The web of existence is dense – filled with energy, memory and phantoms. For all its sorrows, the web in which we all are caught and can not fully explain or escape also contains the simple joy of being alive.

The Captain was born in Iona, Scotland and has been the Captain of the ship, the Iolaire all his life. We share the same name. By experience, the Captain knows the sea as both beautiful and violent. Neither in its loveliness nor its terror, does the ocean take prisoners. The arms of the sea brought short the lives of the Captain’s son at the age of twenty three and his four friends of the same age when the sea drowned them in a winter storm while the lads crossed the Iona Sound. He and I share the same name as his son.

David Kirkpatrick at the Cemetery in Iona

David Kirkpatrick at the Cemetery in Iona

Despite the sorrows, the Captain maintains a puckish exhilaration. He knelt in the long grass to allow me to discover a Puffin nest dug in the soil. He unfurled his pointer finger to introduce me to two new seal pups on the wet blue rocks. I realized the vastness of the web the day I met the Captain in his sorrows and joys. While I am not the Captain, I am him as sure as I am not the ghost of his son and as sure as I am. For as sure as we are the many, we are also the one.


The Charles Kirkpatricks and the Alec McCormicks in Iona, Scotland around 1920

The Charles Kirkpatricks and the Alec McCormicks in Iona, Scotland around 1920

Note: David Kirkpatrick, the author of this blog, is known  as David Paul Kirkpatrick. To avoid confusion with David Kirkpatrick, the author of The Facebook Effect, the two Davids agreed that  the one David would add “Paul” to his name.

The Thistle Flower in Iona, Scotland

The Thistle Flower in Iona, Scotland

From the French short film,  Le Ballon rouge, 1956
From the French short film, Le Ballon Rouge, 1956

“Follow your bliss.”

“Follow your bliss” is Joe Campbell’s motto and mantra. As defined in Noah Webster’s 1828 Dictionary,  (always an amusing, often provocative reference),  Bliss is “The highest degree of happiness; blessedness; felicity; used of felicity in general, when of an exalted kind, but appropriately, of heavenly joys.”

But what happens if you have lost your bliss? How can you rekindle it? Joseph Campbell, the  world-famous mythologist,  believes you can jump-start it in two  easy steps.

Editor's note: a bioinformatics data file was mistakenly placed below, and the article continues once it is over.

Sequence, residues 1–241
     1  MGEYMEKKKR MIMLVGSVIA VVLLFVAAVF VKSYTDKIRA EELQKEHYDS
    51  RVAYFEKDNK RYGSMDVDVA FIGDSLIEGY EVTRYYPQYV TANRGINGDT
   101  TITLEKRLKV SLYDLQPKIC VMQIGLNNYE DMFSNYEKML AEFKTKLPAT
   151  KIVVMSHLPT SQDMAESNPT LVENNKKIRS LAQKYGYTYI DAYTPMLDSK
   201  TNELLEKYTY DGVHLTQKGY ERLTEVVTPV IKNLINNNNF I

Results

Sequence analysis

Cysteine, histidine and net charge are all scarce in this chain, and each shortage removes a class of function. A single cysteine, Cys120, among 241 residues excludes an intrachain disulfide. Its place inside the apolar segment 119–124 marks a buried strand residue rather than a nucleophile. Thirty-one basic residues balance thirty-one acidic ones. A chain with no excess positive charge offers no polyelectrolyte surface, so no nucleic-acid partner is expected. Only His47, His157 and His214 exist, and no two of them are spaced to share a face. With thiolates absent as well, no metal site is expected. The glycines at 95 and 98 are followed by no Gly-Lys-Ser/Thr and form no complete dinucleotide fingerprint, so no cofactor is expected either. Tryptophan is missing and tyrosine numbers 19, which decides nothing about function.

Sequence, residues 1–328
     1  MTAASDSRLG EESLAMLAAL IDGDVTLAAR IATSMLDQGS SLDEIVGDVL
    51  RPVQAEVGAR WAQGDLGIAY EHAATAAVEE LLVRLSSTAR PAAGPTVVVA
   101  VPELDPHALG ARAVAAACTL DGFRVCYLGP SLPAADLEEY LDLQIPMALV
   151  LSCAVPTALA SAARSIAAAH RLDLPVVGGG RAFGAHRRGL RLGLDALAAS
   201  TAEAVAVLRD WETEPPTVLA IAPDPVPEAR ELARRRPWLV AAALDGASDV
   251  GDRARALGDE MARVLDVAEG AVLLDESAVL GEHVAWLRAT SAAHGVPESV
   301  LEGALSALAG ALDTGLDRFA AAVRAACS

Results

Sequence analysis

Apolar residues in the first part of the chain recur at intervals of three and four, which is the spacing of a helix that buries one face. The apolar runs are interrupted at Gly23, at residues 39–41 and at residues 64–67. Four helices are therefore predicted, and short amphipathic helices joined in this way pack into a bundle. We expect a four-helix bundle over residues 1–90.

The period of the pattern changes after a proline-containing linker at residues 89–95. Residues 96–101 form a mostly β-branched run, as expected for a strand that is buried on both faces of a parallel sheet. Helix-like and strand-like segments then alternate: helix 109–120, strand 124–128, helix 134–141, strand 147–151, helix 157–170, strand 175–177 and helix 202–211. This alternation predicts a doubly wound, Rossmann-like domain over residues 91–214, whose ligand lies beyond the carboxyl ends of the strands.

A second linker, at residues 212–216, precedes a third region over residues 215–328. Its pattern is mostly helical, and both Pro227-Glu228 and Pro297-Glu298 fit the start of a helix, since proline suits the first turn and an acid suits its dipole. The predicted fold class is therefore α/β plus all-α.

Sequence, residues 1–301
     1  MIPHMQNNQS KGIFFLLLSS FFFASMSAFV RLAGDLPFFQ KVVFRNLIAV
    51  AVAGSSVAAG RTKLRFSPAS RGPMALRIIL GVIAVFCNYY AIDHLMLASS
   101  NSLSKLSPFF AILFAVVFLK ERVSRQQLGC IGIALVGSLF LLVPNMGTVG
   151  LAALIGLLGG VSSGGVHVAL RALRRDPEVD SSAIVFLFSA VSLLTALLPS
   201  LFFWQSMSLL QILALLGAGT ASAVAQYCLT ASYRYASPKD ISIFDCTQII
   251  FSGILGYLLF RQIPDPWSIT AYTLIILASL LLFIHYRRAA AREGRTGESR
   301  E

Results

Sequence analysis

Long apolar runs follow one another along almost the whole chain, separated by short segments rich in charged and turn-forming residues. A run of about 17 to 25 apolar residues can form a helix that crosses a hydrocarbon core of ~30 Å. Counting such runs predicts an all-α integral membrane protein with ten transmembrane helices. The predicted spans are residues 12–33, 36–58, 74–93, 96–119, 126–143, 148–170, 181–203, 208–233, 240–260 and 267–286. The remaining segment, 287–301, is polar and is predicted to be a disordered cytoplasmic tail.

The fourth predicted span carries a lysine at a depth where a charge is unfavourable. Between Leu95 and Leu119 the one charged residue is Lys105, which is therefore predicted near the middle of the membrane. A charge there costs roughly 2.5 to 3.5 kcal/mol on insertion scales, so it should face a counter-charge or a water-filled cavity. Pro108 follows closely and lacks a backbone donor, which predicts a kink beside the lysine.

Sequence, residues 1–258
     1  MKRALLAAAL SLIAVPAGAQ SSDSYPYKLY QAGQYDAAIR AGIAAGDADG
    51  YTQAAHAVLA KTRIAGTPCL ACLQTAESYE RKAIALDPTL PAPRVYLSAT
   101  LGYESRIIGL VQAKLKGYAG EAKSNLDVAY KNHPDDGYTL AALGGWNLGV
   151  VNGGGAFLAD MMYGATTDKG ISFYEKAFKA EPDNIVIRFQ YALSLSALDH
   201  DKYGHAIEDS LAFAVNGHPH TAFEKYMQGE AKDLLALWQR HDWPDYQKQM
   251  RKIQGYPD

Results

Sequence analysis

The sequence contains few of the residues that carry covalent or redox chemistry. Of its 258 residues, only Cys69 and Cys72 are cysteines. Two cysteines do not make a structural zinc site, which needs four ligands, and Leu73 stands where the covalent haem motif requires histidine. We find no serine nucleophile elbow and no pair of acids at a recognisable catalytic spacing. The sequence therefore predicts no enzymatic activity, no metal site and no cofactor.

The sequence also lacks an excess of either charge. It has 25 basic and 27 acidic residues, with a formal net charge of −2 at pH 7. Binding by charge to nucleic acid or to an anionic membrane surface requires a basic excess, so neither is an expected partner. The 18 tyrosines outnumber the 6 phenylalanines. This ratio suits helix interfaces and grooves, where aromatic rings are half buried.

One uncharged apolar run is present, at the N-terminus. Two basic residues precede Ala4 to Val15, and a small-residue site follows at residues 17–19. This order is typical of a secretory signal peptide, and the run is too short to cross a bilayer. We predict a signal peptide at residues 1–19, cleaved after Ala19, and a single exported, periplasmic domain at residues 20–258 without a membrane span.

Here they are, in his own words –

1) Find a Sacred Place

The sacred place “is an absolute necessity for anybody today, You must have a room , or a certain hour or so a day, where you don’t know what was in the newspapers that morning, you don’t know who your friends are, you don’t know what you owe anybody, you don’t know what anybody owes you. This is a place where you can simply experience and bring forth what you are and what you might be. This is a place of creative incubation. At first, you might find that nothing happens there.  But if you have a sacred place and use it, something eventually will happen.”

2) Read A Book Or Hear A Song You Loved

“Our life has become so economic and practical in its orientation that, as you get older,” Campbell says,”  the claims of the moment upon you are so great, you hardly know where the hell you are, or what it is you intended. You are always doing something that is required of you.”

“Where is your bliss station? You have to try and find it. Get a phonograph and put on the music that you really love, even if it’s corny music that nobody else respects. Or get the book you like to read. In your sacred place you get the “thou” feeling of life that these people  (the ancient hunters) had for the whole world  in which they lived.”

As for the challenges and psychic sufferings in life? “Find a place inside where there is joy, “Campbell writes, “and the joy will burn out the pain.”

Proof of Concept

I followed Campbell’s advice on rediscovering  bliss through books.  I went back and reread the two books that gave me “bliss” early in life. The first was The Agony and The Ecstasy a biographical novel of the life of Michelangelo by Irving Stone. I read the book when I was nine. The second was My Autobiography by Charlie Chaplin . I was twelve when I read it. Both were about artists.

When I look back on my life, there is no question those two books, (ordered through  my family’s subscription to the Book Of The Month Club – remember that club?) had everything to do with my  own journey in helping film-makers cultivate their voice and their art.

As for songs,  I took  Campbell’s suggestion,  veering toward  the “corny music that nobody else respects.” That was the work of The Carpenters.  For me, it was magic. There is such a captivating and haunting tone in Karen Carpenter’s voice.

I hope this spring, in a time of transition, you find the time to check out the literature and music that pointed you to the person you are today. It may open a lens to your inner self which has been obscured by the rigors of time.

Note: The quotes were taken from the book, The Power Of Myth, a redaction of the legendary conversations between Bill Moyers and Joe Campbell from the 1980s.